This blog gives you the latest topical news plus some informal comments on them from ShareSoc’s directors and other contributors. These are the personal comments of the authors and not necessarily the considered views of ShareSoc. The writers may hold shares in the companies mentioned. You can add your own comments on the blog posts, but note that ShareSoc reserves the right to remove or edit comments where they are inappropriate or defamatory.

Remuneration at Barclays and Persimmon

Barclays Bank Annual General Meeting is due next week on the 24th April. Pay of bankers is always controversial and Barclays is no exception. Pay has been going up but performance has gone down, and a rights issue is required to strengthen the company’s balance sheet. The CEO, Antony Jenkins, has waived his bonus for last year, but that has not placated investors. The bonus pool has been increased and “Role Based Pay” introduced to avoid restrictions imposed by the new CRD regulations.

 In addition a new “Remuneration Review Panel” has been introduced, and the ratio of variable to fixed remuneration for “Code” staff (i.e. senior managers) is proposed to go up from a maximum of 100% to 200%.

A new director and prospective head of the Remuneration Committee, Crawford Gillies, was announced on the 15th April. This simply looks like another attempt to head off complaints at the forthcoming AGM.

Institutional investor advisor PIRC has recommended voting against both the Remuneration Report and the Remuneration Policy, against the change for Code staff and against the re-election of Sir John Sunderland – the outgoing Remuneration Committee Chairman.

They also recommend voting against Mike Ashley as a non-executive director because he is a former KPMG partner and allegedly involved in aggressive accounting standards. To quote PIRC:  “This is particularly relevant given that aggressive accounting techniques have been associated with high levels of executive pay, which the Barclays Board does not appear to have mitigated“.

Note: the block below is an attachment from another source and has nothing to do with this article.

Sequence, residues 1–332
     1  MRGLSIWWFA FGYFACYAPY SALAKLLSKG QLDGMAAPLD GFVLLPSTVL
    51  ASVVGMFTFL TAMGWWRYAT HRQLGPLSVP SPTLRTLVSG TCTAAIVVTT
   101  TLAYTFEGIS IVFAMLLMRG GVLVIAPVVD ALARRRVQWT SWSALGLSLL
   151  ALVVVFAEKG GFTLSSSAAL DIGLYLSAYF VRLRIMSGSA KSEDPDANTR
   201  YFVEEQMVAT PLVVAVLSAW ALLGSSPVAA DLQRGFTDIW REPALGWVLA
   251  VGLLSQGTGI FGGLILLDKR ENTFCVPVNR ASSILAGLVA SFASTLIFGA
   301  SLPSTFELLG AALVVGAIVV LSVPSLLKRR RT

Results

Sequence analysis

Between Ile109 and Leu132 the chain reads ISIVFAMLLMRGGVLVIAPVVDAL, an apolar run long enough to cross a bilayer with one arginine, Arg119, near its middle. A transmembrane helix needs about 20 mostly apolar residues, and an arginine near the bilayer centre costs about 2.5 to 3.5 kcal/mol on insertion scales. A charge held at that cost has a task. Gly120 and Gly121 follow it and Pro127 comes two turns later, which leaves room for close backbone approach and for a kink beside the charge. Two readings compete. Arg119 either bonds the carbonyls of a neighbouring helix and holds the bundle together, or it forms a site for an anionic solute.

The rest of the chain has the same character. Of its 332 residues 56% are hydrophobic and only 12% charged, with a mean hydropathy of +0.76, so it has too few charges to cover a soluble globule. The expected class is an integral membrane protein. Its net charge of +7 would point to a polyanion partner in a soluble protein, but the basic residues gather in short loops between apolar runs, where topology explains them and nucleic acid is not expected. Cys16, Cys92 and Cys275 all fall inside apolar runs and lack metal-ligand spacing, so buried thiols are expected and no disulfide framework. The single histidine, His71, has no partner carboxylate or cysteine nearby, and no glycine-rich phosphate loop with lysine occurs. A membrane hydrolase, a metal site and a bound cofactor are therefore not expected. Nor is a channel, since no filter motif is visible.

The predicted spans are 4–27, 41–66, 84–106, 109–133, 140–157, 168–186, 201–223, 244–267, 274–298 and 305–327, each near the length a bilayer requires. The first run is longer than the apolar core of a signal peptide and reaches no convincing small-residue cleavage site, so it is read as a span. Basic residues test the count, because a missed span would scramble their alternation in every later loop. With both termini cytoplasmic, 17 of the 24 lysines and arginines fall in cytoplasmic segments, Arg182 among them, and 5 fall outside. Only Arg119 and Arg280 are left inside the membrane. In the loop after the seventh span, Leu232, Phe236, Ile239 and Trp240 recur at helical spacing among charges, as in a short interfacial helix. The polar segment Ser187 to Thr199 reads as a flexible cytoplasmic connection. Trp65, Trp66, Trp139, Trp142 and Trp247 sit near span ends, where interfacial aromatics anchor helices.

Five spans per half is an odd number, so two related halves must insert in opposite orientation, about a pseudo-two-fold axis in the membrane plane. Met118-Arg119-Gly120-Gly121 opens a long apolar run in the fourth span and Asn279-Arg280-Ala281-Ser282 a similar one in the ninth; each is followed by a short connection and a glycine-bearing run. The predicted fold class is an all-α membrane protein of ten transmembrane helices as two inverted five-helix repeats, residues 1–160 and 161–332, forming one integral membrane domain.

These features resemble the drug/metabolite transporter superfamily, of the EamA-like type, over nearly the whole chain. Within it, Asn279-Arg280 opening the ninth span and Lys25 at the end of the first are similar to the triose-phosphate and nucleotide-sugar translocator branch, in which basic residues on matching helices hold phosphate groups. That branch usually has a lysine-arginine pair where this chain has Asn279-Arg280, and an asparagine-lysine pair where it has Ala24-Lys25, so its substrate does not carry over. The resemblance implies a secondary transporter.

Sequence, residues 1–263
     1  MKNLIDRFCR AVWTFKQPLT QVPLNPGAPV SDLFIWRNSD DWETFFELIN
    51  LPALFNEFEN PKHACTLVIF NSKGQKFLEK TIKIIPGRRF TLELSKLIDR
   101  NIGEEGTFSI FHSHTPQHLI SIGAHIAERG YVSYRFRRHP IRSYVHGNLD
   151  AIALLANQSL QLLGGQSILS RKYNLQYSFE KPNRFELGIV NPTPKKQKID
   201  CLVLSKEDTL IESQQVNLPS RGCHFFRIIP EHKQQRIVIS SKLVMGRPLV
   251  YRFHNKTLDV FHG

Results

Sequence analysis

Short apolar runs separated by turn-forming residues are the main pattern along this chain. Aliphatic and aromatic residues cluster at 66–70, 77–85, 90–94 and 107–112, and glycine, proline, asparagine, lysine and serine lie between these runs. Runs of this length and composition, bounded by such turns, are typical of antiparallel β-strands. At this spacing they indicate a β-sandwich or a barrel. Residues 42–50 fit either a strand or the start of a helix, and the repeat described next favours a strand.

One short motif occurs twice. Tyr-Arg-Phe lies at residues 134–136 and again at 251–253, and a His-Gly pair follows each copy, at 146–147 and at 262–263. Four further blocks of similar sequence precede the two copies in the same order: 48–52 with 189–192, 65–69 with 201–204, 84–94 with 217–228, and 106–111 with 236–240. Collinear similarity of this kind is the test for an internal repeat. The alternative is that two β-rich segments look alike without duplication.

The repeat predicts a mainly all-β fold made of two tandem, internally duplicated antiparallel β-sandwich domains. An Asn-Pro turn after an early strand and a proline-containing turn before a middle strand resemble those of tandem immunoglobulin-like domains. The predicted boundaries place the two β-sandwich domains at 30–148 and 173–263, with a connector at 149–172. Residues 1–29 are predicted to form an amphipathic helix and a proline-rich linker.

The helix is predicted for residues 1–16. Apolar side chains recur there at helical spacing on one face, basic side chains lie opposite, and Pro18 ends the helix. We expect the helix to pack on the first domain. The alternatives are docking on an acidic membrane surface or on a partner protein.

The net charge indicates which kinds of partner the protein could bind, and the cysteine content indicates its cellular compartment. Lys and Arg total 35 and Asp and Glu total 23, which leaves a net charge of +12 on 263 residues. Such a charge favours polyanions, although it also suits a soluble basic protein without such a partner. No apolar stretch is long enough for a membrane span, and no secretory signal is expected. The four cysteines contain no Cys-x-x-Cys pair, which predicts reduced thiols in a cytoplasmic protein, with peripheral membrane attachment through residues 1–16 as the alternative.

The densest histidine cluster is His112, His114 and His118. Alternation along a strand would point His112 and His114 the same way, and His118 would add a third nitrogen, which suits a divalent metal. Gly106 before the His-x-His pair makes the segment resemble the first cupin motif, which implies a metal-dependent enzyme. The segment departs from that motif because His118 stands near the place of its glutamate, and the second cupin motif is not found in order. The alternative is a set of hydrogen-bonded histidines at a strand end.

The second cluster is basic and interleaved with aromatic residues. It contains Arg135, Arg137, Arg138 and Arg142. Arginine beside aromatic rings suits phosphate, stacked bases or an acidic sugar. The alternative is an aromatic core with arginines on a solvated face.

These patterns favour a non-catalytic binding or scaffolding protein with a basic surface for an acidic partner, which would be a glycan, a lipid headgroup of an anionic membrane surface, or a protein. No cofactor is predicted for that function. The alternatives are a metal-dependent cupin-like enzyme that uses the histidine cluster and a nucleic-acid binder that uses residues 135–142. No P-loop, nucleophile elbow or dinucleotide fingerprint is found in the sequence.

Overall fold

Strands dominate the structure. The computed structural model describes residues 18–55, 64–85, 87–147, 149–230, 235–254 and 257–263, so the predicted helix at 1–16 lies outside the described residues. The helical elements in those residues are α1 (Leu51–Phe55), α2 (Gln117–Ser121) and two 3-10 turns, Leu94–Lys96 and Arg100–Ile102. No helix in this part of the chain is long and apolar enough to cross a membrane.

PIRC even suggests voting against the Annual Report & Accounts because there is no vote on the dividend. It’s normal practice to have such a Resolution and not many shareholders ever vote against it, but this writer sometimes does so. For example, paying out a dividend when the company is having to raise capital from shareholders to improve its balance sheet might be seen as illogical.

Shareholders in Barclays may surely be wise to follow PIRC’s lead on these issues if you are attending the AGM or have not yet submitted your proxy vote.

Persimmon

Housebuilders Persimmon held their AGM yesterday. There were significant votes against their remuneration last year due to concerns about the bonus scheme, but this year there were only 9% of proxy votes against the Remuneration Policy and even less against the Remuneration Report. With about 100 shareholders present, only one person put their hand up against these votes after the Chairman explained that there had been some misunderstanding over the bonus scheme. With housebuilders doing financially very well at present, opposition was almost bound to be muted. But Barclays may be a different case altogether.

Roger Lawson

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